Best German Food (savory) and the Berliner restaurants to try them.
On this article about traditional German Food and restaurants in Berlin, we will cover some of the most iconic “German/Austrian dishes” and the best restaurants to get them. Mind you, “German food” has evolved and changed over time. Berlin’s multi-cultural makeup ads a complete new twist to it. In this article we will only focus on what is regarded as “old school” and traditional Germanic food items. We also wrote an article about typical Berliner foods, in case you are interested.
Let’s start by explaining what the dishes are. Below each dish you will find at least one suggestion of a good restaurant to get them. We hope you enjoy them and as always, please feel free to write us with your favorites. We promise to try them!
Schnitzel – The most famous version (and our favorite) is the Wiener Schnitzel
Wiener Schnitzel is a dish consisting of a thin slice of veal (or sometimes pork) that is breaded, fried, and garnished.
Wurst – Sausages, all types of sausages
Need to know: There are 3 main groups of sausage types that can be differentiated by the way they are cooked. They can be scalded, smoked or cooked/grilled. For more on German sausages, check our this article on the 6 most famous German sausage varieties.
When in doubt on whether to order Blutwurst (blood sausage), Frankfurter (Bockwurst), Knackwurst, Leberwurst, Leberkäse, Weisswurst (white sausage), etc…we advise trying them all (make sure to go in a group!).
Best restaurants for Wurst in Berlin: Kumpel & Keule (Kreuzberg), Das Meisterstück (Mitte & Charlottenburg), The Michelberger Hotel (Friedrichshain), and at our favorite Beer Gardens around town (during the warmer months).
*Also, not properly a restaurant, “The Sausage Man Never Sleeps” has been sourcing some of the best sausages in town. You can find their sausages at most of the restaurants on this list and at Markthalle Neun in Kreuzberg. You can also order their sausages online.
Maultaschen – Swabian style “ravioli”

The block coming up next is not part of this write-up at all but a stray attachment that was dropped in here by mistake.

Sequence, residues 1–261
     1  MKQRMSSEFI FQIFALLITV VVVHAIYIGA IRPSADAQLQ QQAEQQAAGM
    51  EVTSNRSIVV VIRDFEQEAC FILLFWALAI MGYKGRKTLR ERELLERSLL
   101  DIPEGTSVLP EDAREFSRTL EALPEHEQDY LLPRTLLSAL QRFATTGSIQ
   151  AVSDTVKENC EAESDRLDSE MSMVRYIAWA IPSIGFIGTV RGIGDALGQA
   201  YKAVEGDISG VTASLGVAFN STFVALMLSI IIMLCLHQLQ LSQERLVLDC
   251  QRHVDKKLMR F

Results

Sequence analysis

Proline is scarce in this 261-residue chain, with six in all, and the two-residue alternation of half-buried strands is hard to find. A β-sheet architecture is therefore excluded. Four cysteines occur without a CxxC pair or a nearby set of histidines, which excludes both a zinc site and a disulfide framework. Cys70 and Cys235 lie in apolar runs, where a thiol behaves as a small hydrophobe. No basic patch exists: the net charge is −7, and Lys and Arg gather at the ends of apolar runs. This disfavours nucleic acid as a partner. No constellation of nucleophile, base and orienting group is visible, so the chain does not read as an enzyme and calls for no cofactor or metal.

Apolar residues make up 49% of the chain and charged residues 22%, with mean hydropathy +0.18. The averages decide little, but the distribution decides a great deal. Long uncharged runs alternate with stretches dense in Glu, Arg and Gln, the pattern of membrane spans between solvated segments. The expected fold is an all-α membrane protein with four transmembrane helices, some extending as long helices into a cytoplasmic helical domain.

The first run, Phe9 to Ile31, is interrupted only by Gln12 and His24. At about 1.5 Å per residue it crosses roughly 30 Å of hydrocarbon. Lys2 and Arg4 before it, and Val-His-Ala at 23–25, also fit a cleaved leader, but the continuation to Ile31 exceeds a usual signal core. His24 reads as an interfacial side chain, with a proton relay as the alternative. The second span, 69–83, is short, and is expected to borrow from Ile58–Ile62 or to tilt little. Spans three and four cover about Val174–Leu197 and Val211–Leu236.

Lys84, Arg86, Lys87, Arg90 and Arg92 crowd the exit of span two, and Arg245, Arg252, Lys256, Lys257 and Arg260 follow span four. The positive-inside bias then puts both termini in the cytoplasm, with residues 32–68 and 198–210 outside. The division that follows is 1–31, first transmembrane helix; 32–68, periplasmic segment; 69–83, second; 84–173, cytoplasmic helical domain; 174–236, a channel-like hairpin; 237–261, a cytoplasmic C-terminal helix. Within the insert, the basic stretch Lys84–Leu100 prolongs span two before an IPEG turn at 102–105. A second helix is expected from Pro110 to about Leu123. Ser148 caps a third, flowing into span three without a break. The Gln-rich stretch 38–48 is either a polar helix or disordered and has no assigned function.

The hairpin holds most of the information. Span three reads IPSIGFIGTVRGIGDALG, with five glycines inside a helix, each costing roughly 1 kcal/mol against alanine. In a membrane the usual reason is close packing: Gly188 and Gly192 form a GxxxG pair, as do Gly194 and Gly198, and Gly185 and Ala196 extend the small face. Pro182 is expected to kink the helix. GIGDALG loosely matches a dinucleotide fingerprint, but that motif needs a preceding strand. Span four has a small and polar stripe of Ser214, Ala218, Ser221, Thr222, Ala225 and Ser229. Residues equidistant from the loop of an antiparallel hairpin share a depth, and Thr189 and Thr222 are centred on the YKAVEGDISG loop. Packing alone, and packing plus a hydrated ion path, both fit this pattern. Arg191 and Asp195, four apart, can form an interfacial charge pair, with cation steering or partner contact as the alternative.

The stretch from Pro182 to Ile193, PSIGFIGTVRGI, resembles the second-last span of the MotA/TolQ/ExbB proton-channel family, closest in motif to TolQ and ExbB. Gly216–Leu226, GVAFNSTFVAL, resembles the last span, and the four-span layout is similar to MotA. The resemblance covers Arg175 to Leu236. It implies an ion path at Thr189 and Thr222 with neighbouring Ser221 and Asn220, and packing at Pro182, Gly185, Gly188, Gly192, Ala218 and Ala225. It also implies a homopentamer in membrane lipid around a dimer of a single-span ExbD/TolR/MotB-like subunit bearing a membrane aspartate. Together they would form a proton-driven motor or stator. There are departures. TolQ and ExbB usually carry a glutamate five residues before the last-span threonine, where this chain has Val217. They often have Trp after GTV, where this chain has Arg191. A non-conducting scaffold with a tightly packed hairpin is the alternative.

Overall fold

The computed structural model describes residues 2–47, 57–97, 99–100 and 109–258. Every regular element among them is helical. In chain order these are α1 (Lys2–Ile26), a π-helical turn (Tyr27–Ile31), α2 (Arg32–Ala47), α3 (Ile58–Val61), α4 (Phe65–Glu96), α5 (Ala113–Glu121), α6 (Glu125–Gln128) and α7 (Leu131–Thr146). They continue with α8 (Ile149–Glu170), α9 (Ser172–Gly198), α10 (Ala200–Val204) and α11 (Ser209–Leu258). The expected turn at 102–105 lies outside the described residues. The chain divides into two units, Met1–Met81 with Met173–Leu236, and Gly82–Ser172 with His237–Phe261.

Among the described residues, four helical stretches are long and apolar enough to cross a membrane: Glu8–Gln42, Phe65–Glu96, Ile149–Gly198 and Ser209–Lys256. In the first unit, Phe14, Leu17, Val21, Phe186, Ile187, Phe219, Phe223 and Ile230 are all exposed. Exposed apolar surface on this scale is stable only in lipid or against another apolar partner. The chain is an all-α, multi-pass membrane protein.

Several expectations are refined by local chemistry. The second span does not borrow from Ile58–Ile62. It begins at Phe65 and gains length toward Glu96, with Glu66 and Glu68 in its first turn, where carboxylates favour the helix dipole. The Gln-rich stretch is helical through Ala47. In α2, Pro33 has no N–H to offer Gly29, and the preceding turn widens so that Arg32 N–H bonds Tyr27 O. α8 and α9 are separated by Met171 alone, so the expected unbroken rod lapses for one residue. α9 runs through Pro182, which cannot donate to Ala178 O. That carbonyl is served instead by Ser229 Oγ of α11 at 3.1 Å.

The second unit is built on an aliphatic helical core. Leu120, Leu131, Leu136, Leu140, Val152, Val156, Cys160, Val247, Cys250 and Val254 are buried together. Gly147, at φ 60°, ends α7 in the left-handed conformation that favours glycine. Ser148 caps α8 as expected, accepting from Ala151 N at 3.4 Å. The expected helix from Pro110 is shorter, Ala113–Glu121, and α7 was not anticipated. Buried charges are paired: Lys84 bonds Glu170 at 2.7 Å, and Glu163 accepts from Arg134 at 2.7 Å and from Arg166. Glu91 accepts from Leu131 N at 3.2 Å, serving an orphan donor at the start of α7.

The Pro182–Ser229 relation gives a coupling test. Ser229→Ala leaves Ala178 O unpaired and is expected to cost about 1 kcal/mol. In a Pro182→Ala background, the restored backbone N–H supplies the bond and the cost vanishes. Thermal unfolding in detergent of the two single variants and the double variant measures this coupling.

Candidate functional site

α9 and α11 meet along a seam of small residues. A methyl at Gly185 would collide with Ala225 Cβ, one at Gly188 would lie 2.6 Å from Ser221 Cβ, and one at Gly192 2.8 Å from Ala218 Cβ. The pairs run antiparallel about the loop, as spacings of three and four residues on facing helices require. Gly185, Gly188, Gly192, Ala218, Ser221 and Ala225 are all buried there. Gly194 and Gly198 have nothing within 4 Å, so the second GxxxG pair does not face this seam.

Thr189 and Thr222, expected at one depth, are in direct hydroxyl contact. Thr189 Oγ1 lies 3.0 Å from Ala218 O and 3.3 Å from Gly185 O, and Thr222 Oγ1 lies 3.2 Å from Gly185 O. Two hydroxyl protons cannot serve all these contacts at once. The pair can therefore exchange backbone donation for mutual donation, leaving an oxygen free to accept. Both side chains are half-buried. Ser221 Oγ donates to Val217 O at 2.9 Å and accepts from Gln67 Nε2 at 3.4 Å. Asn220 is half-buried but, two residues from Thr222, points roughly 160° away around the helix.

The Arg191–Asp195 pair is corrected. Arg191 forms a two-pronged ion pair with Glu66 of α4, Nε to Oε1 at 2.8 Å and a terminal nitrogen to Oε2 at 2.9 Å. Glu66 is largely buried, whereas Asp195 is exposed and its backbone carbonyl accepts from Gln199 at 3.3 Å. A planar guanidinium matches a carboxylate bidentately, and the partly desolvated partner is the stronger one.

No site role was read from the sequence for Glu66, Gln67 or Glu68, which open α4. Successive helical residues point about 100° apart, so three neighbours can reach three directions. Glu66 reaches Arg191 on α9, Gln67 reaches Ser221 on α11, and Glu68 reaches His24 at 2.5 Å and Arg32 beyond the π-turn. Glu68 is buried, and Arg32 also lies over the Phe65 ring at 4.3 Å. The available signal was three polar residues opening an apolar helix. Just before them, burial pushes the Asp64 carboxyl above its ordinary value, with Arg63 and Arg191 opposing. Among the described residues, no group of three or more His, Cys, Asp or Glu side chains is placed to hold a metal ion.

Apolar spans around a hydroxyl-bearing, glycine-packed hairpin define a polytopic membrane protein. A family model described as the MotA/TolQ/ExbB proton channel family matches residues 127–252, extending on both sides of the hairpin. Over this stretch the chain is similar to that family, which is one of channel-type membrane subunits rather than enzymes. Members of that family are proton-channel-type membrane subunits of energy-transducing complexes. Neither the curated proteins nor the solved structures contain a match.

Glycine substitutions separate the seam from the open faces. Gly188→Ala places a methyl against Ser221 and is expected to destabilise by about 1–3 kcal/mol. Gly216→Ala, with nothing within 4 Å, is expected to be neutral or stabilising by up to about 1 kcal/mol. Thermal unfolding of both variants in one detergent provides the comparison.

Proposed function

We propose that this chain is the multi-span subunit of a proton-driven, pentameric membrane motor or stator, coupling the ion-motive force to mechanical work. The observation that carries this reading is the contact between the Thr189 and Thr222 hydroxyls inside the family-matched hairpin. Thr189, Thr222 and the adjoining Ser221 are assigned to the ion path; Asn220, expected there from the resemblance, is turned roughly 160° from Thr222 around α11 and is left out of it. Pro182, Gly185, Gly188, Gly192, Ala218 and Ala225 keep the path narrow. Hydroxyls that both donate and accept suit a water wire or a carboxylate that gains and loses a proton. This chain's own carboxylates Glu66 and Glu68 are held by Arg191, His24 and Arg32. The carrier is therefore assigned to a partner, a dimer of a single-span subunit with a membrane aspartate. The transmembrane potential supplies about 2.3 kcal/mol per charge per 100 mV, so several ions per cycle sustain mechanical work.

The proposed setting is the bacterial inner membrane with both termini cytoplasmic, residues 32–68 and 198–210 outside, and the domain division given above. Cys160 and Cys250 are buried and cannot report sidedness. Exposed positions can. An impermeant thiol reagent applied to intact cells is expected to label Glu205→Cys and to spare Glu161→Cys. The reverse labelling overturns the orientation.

Pasta dough which encloses a filling traditionally made of minced meat, smoked meat, spinach, bread crumbs and onions and flavoured with various herbs and spices.
Spätzle – Traditional Egg Noodles (often Käsespätzle – with cheese)
The Italians aren’t the only pasta-lovers. The German answer to pasta is Spätzle. Compared to Italian pasta, the Spätzle dough is moister and softer. A crowd pleaser, these “German noodles” are often served with tons of cheese and various toppings.
Schweinshaxe – Pork knuckle
It is basically the end of the pig’s leg, just above the ankle and below the ham portion. A variation of this dish is known in parts of Germany as Eisbein, in which the ham hock is pickled and usually slightly boiled. Don’t go for the Eisbein, get the Schweinshaxe!
Himmel & Erde – Black pudding, fried onions and mashed potato with apple sauce
This is one of our favorite German dishes. It consists of black pudding, fried onions and mashed potatoes with apple sause.
“The name of the dish originates from the name of two of the main ingredients: the apples coming from the trees, i.e. from up in the sky, and the potatoes coming from the ground. (A dialect word in German for potato is Erdapfel (English: earth apple), or Äädappel in the Rhineland, so there are two kinds of “apples” in the dish)”.
Gulasch – Paprika spiced stew/soup of meat
Although Gulasch originated from Hungary, it is quite popular in Germany. It is a stew/soup of meat and vegetables, seasoned with paprika and other spices. It is quite rich and comforting! We love it when it is served with Spätlze!
*Of course there are many other traditional dishes you should try while in Berlin. Another special place that does not fall into any of the above categories is Rogacki in Charlottenburg (the best place for cheese and cured and smoked fish).
**For additional typical Berliner foods, check this article we wrote!